“If you (help) owners to get some grants to help them offset some of those costs it would help a lot, because to be honest I feel bad for owners,” said Randall Toma of ABHT Structural Engineers. “They all want to do the right thing, but sometimes they’re just hamstringed by the costs.”
ABHT was the structural engineer for a $20 million project in 2009 that expanded the historic 42,500-square-foot Skidmore Fountain Building into an 80,000-square-foot, Leadership in Energy and Environmental Design platinum-rated headquarters for Mercy Corps. Toma said up to a quarter of the total construction budget went toward seismic upgrades.
But environmental benefits of such projects can also be significant.
Alamo Drafthouse could make use of California’s Mills Act, which can reduce property taxes through agreed renovations and preservation of the existing historic New Mission Theater. Photo by Andy Sweet.
Before reuse began in 1996, “you could shoot a cannonball down the street and not hit anyone,” Sandmeier said. Today, the number of residential units has grown from 11,000 to 40,000.
The adaptive reuse also speaks to San Francisco’s current acute housing shortage and increasing rent prices, which often pushes young urbanites across the Bay and reduces access to low-income communities, which can be seen in the sprawling gentrification of the Mission District.
“I do think that adaptive reuse alone does not ensure cultural preservation and this is why other planning tools need to be developed to promote cultural preservation,” said San Francisco Architectural Heritage Project Manager Desiree Smith. Her organization is working on preservation planning in the Japantown and South of Market Districts, like the three-story tall St. Joseph’s Cathedral, which is to be redeveloped into offices.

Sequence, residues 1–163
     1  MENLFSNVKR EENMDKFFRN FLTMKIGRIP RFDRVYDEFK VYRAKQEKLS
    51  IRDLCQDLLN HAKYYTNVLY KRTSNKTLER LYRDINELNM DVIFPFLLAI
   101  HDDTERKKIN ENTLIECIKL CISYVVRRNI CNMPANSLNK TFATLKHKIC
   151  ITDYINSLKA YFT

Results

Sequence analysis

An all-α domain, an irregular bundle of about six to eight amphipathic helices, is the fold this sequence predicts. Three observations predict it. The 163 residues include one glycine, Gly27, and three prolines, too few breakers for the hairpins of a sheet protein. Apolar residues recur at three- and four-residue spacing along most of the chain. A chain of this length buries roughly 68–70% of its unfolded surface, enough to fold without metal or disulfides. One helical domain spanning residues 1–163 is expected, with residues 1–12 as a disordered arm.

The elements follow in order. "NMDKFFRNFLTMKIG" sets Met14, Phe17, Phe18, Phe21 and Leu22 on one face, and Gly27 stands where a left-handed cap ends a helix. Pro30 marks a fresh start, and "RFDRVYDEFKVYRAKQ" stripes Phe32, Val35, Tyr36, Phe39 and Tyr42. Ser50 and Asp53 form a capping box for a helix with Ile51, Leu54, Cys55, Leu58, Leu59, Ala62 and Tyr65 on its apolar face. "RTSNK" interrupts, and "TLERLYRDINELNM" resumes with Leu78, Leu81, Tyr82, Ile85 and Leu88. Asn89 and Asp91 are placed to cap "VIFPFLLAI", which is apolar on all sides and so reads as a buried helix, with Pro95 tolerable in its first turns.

The preservation of historic buildings also provides a “tangible” connection to the past, said Smith.
Read the entire article via Creative Historic Reuse Inspires Urban Planning | Fog City Journal it’s fantastic!
The town received just one response to its request for proposals to reuse the historic Josiah Smith Tavern and Old Library in the center of town, despite extending its deadline to July 23.
However the proposal from longtime Weston resident Kamran Zahedi, president of Boston-based Urbanica, has already garnered the support of the Women’s Community League of Weston, which currently occupies part of the Josiah Smith Tavern, and the Weston Historical Society.
According to Zahedi, the proposal “suggests incorporating a small cafe/restaurant in the Barn, a bed and breakfast in the tavern, and four condominium units in the Old Library.”
Town Manager Donna VanderClock said the Board of Selectmen received Urbanica’s proposal at its meeting on Tuesday night.
In November 2009, Town Meeting voters rejected a proposal to turn the Josiah Smith Tavern into a 175-seat restaurant and the Old Library into the new home of the Women’s Community League of Weston and a historical archive.
In the newest proposal, Zahedi wrote it “strives to create a place that brings together community members both young and old. Furthermore, the proposal provides space for the current nonprofit tenants, the Women’s Community League and Weston Historical Society, while also being financially feasible.